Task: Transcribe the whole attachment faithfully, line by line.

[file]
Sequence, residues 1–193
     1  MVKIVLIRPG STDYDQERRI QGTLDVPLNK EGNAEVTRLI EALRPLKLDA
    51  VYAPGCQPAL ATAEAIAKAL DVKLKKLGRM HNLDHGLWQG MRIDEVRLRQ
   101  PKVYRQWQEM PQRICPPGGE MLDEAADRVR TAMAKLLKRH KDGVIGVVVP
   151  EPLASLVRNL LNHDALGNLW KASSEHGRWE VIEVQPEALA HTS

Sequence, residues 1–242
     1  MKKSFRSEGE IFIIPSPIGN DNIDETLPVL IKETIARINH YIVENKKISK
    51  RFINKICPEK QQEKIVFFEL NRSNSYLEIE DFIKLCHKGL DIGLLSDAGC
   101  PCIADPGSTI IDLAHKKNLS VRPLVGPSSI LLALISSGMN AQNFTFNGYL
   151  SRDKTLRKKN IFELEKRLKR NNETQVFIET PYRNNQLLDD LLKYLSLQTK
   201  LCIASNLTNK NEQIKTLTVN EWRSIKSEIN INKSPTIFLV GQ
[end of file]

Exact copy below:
Sequence, residues 1–193
     1  MVKIVLIRPG STDYDQERRI QGTLDVPLNK EGNAEVTRLI EALRPLKLDA
    51  VYAPGCQPAL ATAEAIAKAL DVKLKKLGRM HNLDHGLWQG MRIDEVRLRQ
   101  PKVYRQWQEM PQRICPPGGE MLDEAADRVR TAMAKLLKRH KDGVIGVVVP
   151  EPLASLVRNL LNHDALGNLW KASSEHGRWE VIEVQPEALA HTS

Sequence, residues 1–242
     1  MKKSFRSEGE IFIIPSPIGN DNIDETLPVL IKETIARINH YIVENKKISK
    51  RFINKICPEK QQEKIVFFEL NRSNSYLEIE DFIKLCHKGL DIGLLSDAGC
   101  PCIADPGSTI IDLAHKKNLS VRPLVGPSSI LLALISSGMN AQNFTFNGYL
   151  SRDKTLRKKN IFELEKRLKR NNETQVFIET PYRNNQLLDD LLKYLSLQTK
   201  LCIASNLTNK NEQIKTLTVN EWRSIKSEIN INKSPTIFLV GQ